Teaching Students About the Negro Football League


The Negro Football League (NFL) was an important part of African American history and sports culture. It provided opportunities for black athletes to showcase their talent and compete at a high level in a time when racial segregation was rampant. As educators, it’s essential to teach students about this often overlooked period in sports history to honor the determination, resilience, and accomplishments of these exceptional athletes.


The NFL was first established in 1902 as a response to segregation in professional football. The league was made up of all-black teams that competed against each other and occasionally against white teams, though the latter was rare. The league lasted until 1946 when it merged with an integrated league, paving the way for African American players to participate in mainstream professional football.

Key Figures

There were several notable figures associated with the Negro Football League who are worth mentioning when teaching students about its history:

1. Charles Follis:

Known as the “Black Cyclone,” Follis was the first black professional football player in America. He played for the Shelby Blues and later became a coach.

2. Fritz Pollard:

Pollard overcame considerable racial barriers to become one of the first black players in the NFL, eventually becoming a coach as well.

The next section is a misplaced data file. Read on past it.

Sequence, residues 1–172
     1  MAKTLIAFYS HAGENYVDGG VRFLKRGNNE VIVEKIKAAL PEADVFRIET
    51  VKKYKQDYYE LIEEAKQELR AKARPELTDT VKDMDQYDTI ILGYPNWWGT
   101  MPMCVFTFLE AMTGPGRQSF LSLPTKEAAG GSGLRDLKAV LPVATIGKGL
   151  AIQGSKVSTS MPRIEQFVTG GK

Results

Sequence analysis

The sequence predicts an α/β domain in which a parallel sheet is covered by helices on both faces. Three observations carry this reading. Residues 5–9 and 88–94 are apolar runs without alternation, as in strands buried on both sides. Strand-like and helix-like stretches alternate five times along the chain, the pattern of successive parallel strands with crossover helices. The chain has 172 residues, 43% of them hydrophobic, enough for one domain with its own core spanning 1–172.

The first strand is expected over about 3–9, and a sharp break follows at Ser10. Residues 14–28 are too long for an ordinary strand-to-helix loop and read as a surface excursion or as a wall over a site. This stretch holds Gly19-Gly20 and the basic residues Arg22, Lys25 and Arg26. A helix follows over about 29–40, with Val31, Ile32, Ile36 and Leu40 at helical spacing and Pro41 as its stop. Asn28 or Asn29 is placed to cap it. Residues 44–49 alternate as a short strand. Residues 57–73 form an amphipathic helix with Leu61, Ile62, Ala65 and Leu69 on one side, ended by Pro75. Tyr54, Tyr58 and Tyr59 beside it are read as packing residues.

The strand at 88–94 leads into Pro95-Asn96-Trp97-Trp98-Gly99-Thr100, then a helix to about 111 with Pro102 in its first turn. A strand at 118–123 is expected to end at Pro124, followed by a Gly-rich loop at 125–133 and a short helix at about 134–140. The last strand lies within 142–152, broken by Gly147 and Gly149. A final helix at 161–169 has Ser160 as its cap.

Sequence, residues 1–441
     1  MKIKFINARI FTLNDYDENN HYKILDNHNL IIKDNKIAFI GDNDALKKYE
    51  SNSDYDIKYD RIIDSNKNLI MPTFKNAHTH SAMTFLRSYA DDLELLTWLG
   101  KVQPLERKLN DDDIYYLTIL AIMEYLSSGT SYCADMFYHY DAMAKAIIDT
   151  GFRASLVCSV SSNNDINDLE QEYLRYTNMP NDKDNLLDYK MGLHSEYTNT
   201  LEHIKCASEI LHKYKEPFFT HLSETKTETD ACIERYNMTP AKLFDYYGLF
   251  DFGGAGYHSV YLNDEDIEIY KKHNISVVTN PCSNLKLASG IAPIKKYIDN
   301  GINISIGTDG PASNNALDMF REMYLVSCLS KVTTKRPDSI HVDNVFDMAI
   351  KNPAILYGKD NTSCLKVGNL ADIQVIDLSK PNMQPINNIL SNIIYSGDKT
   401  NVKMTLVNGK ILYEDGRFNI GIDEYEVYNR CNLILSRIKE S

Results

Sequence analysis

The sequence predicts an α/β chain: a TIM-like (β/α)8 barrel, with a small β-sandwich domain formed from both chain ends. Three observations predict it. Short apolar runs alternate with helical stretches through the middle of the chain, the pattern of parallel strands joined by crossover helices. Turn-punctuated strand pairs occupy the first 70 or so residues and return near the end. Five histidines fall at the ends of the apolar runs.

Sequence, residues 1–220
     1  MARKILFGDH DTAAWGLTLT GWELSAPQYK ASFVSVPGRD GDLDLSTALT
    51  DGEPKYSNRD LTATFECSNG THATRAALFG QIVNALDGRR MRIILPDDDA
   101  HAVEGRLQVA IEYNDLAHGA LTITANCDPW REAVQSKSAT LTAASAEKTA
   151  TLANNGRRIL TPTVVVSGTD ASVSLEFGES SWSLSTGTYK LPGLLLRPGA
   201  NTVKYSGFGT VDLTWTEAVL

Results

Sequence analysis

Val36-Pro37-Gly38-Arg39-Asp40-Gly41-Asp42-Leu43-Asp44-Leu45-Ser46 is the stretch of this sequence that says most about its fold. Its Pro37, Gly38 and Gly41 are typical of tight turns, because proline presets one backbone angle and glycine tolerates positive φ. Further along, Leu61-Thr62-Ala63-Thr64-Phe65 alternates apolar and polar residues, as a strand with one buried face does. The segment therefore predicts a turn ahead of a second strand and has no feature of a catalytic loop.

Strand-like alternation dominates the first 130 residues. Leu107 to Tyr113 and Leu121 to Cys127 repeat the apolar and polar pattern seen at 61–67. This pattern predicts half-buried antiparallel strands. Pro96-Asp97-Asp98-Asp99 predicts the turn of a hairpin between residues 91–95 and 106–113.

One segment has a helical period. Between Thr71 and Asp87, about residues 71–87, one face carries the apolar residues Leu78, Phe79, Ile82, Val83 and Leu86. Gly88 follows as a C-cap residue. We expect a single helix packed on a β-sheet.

3. Paul Robeson: 

An accomplished scholar, athlete, actor, and activist, Robeson showcased his athletic prowess while playing for various NFL teams.

Contributions to Football and Society

The Negro Football League made numerous tangible and intangible contributions to both football and society during its time. The league helped:

1. Break down racial barriers: African American players proved that they were just as talented as their white counterparts, challenging racist notions prevalent during that time.

2. Inspire future generations: As black athletes could play professionally, younger generations became inspired by their achievements on the field, setting up a foundation for continued progress in civil rights and sports opportunities.

3. Develop stars for the integrated league: Many NFL players went on to have successful careers in the integrated professional leagues, highlighting the significance of the Negro Football League in shaping American football history.

Teaching Strategies

Here are a few tips on how to teach students about the Negro Football League effectively:

1. Organize a virtual field trip to the Pro Football Hall of Fame, which celebrates the history of the Negro Football League.

2. Encourage students to research and present biographies of key figures from this era, focusing on both their athletic accomplishments and societal contributions.

3. Use films, documentaries, and historical texts to create an engaging curriculum that covers not only sports history but also socio-political aspects related to racism and civil rights movements.


By teaching students about the Negro Football League, we can not only honor these trailblazing athletes but also spark meaningful conversations about race, resilience, and empowerment. Through understanding this crucial chapter in sports history, students can appreciate African American contributions to American society while learning essential lessons about overcoming adversity in the face of injustice.

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